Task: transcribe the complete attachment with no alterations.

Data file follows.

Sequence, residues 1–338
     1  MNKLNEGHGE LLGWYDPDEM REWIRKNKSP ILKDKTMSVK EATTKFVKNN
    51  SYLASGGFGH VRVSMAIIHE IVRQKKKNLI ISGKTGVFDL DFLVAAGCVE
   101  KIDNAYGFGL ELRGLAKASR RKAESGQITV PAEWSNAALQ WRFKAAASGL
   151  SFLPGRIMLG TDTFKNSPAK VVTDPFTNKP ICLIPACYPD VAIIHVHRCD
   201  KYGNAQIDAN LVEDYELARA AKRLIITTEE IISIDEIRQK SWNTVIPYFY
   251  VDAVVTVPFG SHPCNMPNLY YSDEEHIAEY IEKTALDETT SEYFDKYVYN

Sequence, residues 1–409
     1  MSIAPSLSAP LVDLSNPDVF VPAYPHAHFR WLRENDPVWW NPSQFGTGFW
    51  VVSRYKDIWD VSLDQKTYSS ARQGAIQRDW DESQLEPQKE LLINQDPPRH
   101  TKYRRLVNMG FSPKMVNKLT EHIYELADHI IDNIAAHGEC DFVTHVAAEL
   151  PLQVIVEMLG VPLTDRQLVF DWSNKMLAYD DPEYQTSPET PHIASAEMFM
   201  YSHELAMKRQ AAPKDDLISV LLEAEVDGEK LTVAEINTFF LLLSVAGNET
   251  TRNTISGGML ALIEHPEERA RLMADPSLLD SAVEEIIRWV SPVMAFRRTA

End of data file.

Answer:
Sequence, residues 1–338
     1  MNKLNEGHGE LLGWYDPDEM REWIRKNKSP ILKDKTMSVK EATTKFVKNN
    51  SYLASGGFGH VRVSMAIIHE IVRQKKKNLI ISGKTGVFDL DFLVAAGCVE
   101  KIDNAYGFGL ELRGLAKASR RKAESGQITV PAEWSNAALQ WRFKAAASGL
   151  SFLPGRIMLG TDTFKNSPAK VVTDPFTNKP ICLIPACYPD VAIIHVHRCD
   201  KYGNAQIDAN LVEDYELARA AKRLIITTEE IISIDEIRQK SWNTVIPYFY
   251  VDAVVTVPFG SHPCNMPNLY YSDEEHIAEY IEKTALDETT SEYFDKYVYN

Sequence, residues 1–409
     1  MSIAPSLSAP LVDLSNPDVF VPAYPHAHFR WLRENDPVWW NPSQFGTGFW
    51  VVSRYKDIWD VSLDQKTYSS ARQGAIQRDW DESQLEPQKE LLINQDPPRH
   101  TKYRRLVNMG FSPKMVNKLT EHIYELADHI IDNIAAHGEC DFVTHVAAEL
   151  PLQVIVEMLG VPLTDRQLVF DWSNKMLAYD DPEYQTSPET PHIASAEMFM
   201  YSHELAMKRQ AAPKDDLISV LLEAEVDGEK LTVAEINTFF LLLSVAGNET
   251  TRNTISGGML ALIEHPEERA RLMADPSLLD SAVEEIIRWV SPVMAFRRTA